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Kevin Gorman: New hitting coach Rick Eckstein pushes Pirates to tap into power |

Kevin Gorman: New hitting coach Rick Eckstein pushes Pirates to tap into power

Kevin Gorman


When the Pittsburgh Pirates prioritized tapping into their potential for power, they turned to a man who is small in stature but has a reputation for being big with the bat.

New hitting coach Rick Eckstein, charged with changing the club’s philosophy in its preparation at the plate in an effort to increase extra-base hits, might be the most important addition of the offseason.

The interesting part is Eckstein and assistant Jacob Cruz are taking an individualized approach to improving the Pirates, starting by building relationships to create a culture where the focus is on finding what’s best for both the players and a team that ranked 25th in home runs last season.

“That’s where our head is, as far as taking this thing forward,” Eckstein said, “tapping into each guy to reach more of their potential and play as a unit where we’re all on the same page.”

The Pirates have gone to great lengths to avoid making former hitting coach Jeff Branson and assistant Jeff Livesey the scapegoats for the team’s struggles in hitting homers and driving in runs, saying the blame was widespread and a new approach was necessary.

Yet, it’s worth noting Pirates manager Clint Hurdle said Eckstein and Cruz represent “some different voices with maybe a little bit more of this generation’s mindset of what’s important in hitting, because it changes. There’s a lot of guys my age, you either adapt and figure it out or you don’t get the opportunity to do it.”

Eckstein is the older brother of 2006 World Series MVP David Eckstein, hired by the Pirates as a special assistant in baseball operations, and has served as a hitting coach for the Nationals and Angels, at the University of Kentucky and as the Minnesota Twins minor-league hitting coordinator. Cruz, a 1994 first-round pick of the San Francisco Giants who played for five teams, has coached mostly in the minor leagues.

Not only do they present a new point of view philosophically, but the Pirates are adjusting to hitting batting practice off both a right-hander (Eckstein) and a lefty (Cruz). That’s not the only new perspective, as Eckstein is familiarizing them with his favorite phrase: There’s a time to feel good, and there’s a time to hit good.

“So, there’s a challenge piece in there,” Eckstein said. “What we’re trying to understand is what you challenge you need to get good, so it’s overwhelmingly positive.”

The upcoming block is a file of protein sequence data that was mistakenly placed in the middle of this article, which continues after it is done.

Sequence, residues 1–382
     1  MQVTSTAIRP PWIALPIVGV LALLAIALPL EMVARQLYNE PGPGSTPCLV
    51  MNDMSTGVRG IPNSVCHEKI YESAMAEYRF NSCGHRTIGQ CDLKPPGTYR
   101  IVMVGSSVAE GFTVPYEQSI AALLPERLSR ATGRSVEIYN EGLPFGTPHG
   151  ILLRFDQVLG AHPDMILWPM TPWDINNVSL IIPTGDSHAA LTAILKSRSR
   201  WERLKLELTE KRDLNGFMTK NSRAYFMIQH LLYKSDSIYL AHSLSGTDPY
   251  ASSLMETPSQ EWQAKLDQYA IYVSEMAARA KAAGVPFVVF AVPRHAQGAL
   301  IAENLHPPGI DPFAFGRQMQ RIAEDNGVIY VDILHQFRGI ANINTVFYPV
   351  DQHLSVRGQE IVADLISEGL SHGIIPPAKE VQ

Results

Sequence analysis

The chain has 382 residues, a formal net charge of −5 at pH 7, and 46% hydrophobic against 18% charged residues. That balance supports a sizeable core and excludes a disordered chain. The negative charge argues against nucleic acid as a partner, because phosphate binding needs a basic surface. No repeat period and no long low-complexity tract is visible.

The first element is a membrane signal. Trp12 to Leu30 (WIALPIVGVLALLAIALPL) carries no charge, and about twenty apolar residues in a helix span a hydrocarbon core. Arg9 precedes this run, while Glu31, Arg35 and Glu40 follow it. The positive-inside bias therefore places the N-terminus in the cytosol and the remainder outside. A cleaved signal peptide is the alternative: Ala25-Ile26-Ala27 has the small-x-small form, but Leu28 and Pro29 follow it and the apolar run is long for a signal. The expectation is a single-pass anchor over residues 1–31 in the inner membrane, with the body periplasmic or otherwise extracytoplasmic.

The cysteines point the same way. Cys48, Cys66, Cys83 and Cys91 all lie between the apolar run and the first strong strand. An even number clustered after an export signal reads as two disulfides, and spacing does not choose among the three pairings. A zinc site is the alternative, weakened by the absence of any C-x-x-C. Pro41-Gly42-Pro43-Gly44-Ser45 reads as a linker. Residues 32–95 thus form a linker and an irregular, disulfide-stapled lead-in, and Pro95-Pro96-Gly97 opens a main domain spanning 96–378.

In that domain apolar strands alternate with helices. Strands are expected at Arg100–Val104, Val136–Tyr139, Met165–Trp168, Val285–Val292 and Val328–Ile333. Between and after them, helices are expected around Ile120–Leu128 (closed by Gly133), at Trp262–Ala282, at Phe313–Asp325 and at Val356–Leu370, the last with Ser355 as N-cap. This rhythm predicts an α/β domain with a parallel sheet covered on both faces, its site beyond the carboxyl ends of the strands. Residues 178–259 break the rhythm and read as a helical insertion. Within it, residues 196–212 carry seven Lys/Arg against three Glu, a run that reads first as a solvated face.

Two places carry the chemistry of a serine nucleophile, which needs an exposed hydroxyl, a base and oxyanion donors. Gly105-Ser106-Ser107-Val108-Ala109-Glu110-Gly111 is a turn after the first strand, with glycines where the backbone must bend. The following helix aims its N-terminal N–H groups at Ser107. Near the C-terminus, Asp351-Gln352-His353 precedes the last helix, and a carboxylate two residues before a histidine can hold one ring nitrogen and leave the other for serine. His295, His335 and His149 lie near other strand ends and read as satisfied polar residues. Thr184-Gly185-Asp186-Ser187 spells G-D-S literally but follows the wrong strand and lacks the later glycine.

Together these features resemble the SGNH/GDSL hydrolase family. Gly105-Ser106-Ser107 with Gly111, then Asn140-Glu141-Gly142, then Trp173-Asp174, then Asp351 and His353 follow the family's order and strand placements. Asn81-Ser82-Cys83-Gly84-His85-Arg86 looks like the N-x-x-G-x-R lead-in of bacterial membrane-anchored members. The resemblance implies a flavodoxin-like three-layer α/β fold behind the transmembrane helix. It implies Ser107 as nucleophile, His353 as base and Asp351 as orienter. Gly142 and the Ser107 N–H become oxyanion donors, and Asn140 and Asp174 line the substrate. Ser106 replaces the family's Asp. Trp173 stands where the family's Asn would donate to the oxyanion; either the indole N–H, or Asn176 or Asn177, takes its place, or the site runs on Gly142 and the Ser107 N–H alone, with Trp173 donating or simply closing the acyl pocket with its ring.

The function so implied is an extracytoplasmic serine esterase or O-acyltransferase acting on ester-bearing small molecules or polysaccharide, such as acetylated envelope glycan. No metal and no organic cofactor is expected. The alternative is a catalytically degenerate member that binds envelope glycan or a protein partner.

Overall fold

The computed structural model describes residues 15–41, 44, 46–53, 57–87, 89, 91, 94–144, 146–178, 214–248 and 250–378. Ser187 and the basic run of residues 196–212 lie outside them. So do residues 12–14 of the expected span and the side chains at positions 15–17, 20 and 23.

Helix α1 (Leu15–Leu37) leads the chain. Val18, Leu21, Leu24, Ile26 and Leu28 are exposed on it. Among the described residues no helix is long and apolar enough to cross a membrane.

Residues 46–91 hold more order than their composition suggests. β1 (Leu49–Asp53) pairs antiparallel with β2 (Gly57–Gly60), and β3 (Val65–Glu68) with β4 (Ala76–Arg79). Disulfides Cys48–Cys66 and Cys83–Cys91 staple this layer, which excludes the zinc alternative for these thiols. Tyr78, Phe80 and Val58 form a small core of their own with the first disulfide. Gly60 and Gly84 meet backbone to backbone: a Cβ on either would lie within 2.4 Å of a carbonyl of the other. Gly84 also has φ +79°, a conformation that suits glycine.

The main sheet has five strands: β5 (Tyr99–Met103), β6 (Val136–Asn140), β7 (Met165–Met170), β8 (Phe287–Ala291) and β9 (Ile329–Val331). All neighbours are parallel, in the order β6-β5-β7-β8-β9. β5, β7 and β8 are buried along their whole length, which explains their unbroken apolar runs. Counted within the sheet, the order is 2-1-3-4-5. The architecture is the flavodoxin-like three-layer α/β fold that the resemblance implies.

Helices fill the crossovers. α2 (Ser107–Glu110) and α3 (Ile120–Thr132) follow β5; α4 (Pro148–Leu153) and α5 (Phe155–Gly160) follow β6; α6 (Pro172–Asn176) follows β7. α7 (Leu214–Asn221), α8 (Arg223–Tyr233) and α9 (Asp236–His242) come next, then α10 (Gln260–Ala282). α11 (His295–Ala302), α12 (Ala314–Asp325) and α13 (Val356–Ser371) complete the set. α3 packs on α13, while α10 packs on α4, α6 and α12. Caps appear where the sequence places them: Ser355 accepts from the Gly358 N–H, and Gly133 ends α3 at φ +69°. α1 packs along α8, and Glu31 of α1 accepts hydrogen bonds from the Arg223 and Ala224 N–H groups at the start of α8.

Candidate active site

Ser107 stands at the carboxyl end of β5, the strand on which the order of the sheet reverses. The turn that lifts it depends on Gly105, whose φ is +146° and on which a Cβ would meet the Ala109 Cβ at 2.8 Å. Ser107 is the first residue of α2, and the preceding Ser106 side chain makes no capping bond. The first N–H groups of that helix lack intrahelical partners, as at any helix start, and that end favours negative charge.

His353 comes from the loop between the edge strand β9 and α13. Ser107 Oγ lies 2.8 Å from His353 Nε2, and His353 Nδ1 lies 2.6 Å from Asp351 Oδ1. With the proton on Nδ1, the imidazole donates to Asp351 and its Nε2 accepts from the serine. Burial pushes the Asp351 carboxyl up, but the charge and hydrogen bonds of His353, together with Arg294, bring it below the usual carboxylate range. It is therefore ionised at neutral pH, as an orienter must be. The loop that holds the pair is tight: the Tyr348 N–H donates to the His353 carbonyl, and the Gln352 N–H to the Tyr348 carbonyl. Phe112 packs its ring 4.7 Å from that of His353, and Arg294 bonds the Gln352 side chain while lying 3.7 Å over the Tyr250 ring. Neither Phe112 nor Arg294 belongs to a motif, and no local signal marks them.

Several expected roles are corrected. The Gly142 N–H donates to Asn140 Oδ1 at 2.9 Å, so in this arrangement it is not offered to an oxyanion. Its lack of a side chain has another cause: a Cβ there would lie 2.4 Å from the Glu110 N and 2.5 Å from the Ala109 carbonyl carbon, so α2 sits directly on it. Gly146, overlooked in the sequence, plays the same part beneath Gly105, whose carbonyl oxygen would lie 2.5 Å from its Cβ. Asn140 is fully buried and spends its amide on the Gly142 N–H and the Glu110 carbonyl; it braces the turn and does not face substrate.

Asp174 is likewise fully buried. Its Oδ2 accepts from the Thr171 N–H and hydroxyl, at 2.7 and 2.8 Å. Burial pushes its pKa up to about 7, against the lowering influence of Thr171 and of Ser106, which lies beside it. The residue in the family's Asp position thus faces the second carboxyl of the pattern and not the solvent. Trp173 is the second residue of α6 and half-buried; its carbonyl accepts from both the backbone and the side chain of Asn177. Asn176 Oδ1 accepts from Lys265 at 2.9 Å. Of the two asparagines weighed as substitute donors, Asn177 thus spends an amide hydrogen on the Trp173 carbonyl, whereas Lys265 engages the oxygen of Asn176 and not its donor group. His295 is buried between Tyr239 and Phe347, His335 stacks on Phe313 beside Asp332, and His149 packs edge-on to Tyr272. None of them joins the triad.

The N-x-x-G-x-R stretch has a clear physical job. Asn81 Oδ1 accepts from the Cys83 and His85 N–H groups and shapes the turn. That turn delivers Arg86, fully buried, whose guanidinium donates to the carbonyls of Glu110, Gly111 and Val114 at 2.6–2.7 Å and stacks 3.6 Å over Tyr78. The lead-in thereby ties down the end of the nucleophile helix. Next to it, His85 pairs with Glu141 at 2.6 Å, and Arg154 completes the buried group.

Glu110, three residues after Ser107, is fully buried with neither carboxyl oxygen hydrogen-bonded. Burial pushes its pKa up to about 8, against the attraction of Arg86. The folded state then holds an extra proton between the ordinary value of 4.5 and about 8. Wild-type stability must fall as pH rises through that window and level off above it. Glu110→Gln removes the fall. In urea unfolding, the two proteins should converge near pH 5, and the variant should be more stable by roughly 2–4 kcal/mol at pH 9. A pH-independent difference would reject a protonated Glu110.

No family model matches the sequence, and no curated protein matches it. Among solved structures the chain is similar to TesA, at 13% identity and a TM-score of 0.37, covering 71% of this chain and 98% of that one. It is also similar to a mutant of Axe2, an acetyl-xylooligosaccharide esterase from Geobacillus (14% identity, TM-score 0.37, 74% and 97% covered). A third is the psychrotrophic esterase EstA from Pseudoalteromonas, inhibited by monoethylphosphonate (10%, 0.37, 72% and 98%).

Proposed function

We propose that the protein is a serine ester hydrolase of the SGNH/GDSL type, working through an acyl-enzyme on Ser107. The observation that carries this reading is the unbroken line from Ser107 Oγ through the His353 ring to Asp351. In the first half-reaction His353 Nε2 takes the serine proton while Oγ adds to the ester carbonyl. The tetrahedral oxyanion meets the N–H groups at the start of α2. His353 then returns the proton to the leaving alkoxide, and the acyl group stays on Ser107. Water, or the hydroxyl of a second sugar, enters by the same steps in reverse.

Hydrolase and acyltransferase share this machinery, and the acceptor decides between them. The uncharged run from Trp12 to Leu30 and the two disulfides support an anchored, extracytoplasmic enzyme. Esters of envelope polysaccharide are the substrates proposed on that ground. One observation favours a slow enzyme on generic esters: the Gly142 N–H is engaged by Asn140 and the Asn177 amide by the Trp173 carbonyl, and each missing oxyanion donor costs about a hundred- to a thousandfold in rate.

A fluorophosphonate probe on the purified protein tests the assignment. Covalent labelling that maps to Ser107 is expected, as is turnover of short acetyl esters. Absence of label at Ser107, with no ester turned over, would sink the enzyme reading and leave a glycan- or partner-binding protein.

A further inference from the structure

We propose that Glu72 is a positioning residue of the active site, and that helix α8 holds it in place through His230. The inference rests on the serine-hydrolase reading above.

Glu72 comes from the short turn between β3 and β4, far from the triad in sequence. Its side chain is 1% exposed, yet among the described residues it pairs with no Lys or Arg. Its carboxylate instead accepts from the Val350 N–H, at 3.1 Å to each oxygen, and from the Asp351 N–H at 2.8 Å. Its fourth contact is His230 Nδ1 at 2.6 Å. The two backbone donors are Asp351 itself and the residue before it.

While the Pirates want Eckstein to tap in to everyone from Jung Ho Kang and Colin Moran at third base to Gregory Polanco and Corey Dickerson in the outfield corners, the biggest challenge is directed at first baseman Josh Bell.

Bell slipped from 26 home runs and 90 RBIs in 2017 to 12 homers and 62 RBIs last season.

The Pirates know their best bet for power has to come internally, so they are counting on a bounce-back year from Bell.

That’s why Eckstein met with Bell in California, taking him to dinner and watching him hit to start the process of getting onto the same page. Bell also worked in the cage with Cruz on the Pirates Caravan.

“There’s a lot of talent that he knows exists inside of him, and there’s potential there to tap into,” Eckstein said of Bell. “That’s ultimately what we’re trying to discover inside of him. The work ethic that he’s brought to the table, the mindset in which he’s working, the challenge in which he’s accepting has been tremendous. So far, it’s been really exciting to start that process with him.”

If Bell looked lost at times, it’s because he got away from his approach of hitting to the opposite field. He admitted that he worked away from it last year, even when practicing off the tee, by trying to pull fastballs with late movement. That led to soft contact and ground balls for outs.

Bell talked with Eckstein about how pitchers attack players with everything from similar stature and swing paths to success rates in certain counts.

“It’s cool,” Bell said, “that we’re going to dive deeper into it.”

The Pirates plan to customize their plan instead of taking a general, team-wide approach, so that Bell and Gregory Polanco are treated differently than Corey Dickerson and Adam Frazier.

Truth is, the Pirates are unlikely to sign a free agent who will hit 30 or more home runs, so they know they need to cultivate power with Polanco and Bell. And it’s up to Eckstein to find a way for them to generate it without hurting their on-base percentage.

“We all know that Josh has power. So with saying that, how do you put him in a position where the power plays but it’s more building the hitter into a position that allows the power to play?” Eckstein said.

“He has a chance to be the best at both worlds, a really good eye at the plate, a really good hitter when the ball is within the hitting area and, within that same umbrella, the ball jumps off his bat. He hits the ball really hard and, at times, it goes really far. It’s just blending that package and not really trying to formulate anything other than how important timing is with him.”

The importance of Eckstein’s message to the Pirates begins Monday, their first full-squad practice of spring training at Pirate City. That’s when the time to feel good ends and the time to hit good begins.

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Kevin Gorman is a Tribune-Review staff writer. You can contact Kevin by email at [email protected] or via Twitter .

Former Washington Nationals hitting coach Rick Eckstein (center) is tasked with helping Pirates hitters generate more power at the plate.
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